St. Martin’s developed the Seeds of Justice program to understand the racialized history of the land here in the epicenter of gold, greed and genocide. Through storytelling, discussions and hands-on workshops, participants will study the resistance and resilience of Native Californians to the ongoing social and environmental impacts of settlers in this region.

“We hope this will be a safe, honest and transformative space for our community to grapple with the legacy of injustice to this land and her people,” said Ann Liu, Chair of St. Martin’s Care for God’s Creation Committee. “Everyone is invited to come and learn with an open heart and mind.”

Continue reading "Seeds of Justice lecture and workshop series" »


We need critical thinking from our City Council on climate change

By Mike Corbett

Given an understanding of what’s in the recent IPCC 6th report what would you expect a rational city council to do in response? Humans evolved because of our critical thinking abilities. So if a current city council possessed those abilities what would they be doing right now?

 You would expect them to convene a special meeting so the city could begin taking urgent steps to stop greenhouse gases from entering the atmosphere as well as steps to sequester carbon from the atmosphere. They would make it a priority for their staff and commissions to find ways to take immediate steps to accomplish these crucial actions. 

 Since the Davis City Council declared a climate emergency two and a half years ago, little has been done. And as we approach the completion of the current climate action plan (CAP), our City's approach seems to be falling far short of what it should be. The recent survey of our citizens has revealed a very weak City understanding of all our options and what we should be doing today.  We need to employ more critical thinking.

 Critical thinking must first address the ability to find the most important thing or issue to focus on in any given moment or situation, from personal choices to issues within the global realm.  Additionally, critical thinking must start with the work of understanding a problem’s core by analyzing its depth and breadth. That means understanding the full context around the issue (in this case the IPCC report), and that means looking past biases or views that obscure the core of the problem.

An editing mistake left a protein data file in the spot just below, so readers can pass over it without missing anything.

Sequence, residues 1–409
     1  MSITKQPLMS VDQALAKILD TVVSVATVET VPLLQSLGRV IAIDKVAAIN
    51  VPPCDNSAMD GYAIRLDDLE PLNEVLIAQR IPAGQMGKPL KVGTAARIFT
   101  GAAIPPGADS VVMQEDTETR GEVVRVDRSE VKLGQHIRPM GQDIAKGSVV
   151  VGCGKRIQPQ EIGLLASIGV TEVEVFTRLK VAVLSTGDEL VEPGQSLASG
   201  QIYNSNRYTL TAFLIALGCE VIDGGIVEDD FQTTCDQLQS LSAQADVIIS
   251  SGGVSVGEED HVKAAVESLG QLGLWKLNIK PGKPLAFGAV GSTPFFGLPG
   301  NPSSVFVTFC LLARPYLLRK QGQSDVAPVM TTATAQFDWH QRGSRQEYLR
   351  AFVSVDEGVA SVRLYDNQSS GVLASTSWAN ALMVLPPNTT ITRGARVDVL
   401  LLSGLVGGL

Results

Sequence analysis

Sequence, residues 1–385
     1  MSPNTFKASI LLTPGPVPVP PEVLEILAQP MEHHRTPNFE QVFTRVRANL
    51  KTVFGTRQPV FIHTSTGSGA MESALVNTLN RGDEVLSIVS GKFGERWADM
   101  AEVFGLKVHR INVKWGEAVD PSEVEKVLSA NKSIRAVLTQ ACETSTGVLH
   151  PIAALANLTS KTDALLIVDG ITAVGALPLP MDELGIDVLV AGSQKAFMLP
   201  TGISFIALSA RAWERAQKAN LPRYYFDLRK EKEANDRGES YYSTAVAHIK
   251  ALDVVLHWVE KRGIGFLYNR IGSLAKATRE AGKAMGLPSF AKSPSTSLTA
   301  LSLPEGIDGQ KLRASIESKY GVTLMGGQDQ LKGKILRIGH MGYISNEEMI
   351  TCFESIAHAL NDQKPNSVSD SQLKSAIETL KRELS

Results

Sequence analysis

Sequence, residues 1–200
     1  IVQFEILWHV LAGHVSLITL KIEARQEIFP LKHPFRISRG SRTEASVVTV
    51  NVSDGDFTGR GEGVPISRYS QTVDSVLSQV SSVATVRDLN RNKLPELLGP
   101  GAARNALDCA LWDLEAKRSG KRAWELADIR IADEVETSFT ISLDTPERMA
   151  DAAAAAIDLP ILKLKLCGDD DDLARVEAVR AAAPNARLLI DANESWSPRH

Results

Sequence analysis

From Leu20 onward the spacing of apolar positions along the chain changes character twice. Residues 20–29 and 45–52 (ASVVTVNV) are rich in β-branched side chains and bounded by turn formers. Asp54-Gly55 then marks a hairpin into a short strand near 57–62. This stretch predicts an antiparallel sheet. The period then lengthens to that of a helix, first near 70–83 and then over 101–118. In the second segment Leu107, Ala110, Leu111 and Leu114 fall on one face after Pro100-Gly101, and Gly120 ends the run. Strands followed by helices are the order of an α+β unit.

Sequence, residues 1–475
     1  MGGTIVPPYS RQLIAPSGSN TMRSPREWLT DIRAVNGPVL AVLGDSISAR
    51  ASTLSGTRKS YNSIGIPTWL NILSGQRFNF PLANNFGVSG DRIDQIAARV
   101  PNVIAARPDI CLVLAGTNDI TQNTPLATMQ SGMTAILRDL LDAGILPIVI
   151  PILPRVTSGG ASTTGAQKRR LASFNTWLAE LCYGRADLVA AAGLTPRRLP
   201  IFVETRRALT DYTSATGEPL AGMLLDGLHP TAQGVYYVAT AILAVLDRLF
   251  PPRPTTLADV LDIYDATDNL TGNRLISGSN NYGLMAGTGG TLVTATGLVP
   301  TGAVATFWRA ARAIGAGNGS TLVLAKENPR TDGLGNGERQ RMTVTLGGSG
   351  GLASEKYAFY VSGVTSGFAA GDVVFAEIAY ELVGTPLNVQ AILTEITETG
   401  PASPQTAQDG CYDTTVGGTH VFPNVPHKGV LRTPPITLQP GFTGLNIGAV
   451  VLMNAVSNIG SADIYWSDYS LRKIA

Continue reading "We need critical thinking from our City Council on climate change" »


Architect says: Solar need not mean Tree Removal

Solar & Trees, Perfect Together

Solar and TREES - Page_1The following letter was sent to the City Council as well as to the Davisite.

These past few weeks have made it clear to almost everyone that we have a problem on earth. The climate is different, and we are all heating up. Trees help reduce the “island heat effect” in and around cities. When trees are in a parking area the temperature of the parking area is 10 to 20 degrees cooler. They help shade us, our cars and more importantly the pavement so that it does not reflect the heat.

Can solar panels and trees co-exist on the same site? Well, the short answer is yes. Of course, if your house in always in shade and you planned to put the solar panels on your roof you will not get enough power from the solar panels to pay for themselves in a lifetime. However, the standard philosophy that solar panels and trees cannot be placed near each other is nonsense.

Here in Davis we have before us a prime example. Sutter Hospital Phase 2 Project’s consultant proposes removing all the trees in the parking lot so that solar panels can be placed above the parked cars. City Council will be voting on an Appeal by Sutter Hospital from the approved City plan to permit the trees to be removed and NOT relocated as the City had required them to do so in its approval.

Solar and TREES - Page_2However, there is a solution that will save the trees AND provide even more solar panels. The solar panels can span over the driveways in the parking lot thereby allowing the trees to remain on the island median between the parked cars. The trees would be far enough away from the solar panels so as not to shade them. The shade from the trees will still shade some of the cars, and the solar panels will shade some of the cars as well. The accompanying drawing shows where the solar panels can be located, a sketch comparing our recommendation to the Sutter Hospital consultant’s approved plan and a sectional drawing showing the shading of the trees and solar panels on the cars. This recommended plan also protects the solar panels from possible future car fires in the parking spaces.

Hopeful,

Marcus Marino, AIA, NCARB


Statement from the Sierra Club concerning tree cutting at Sutter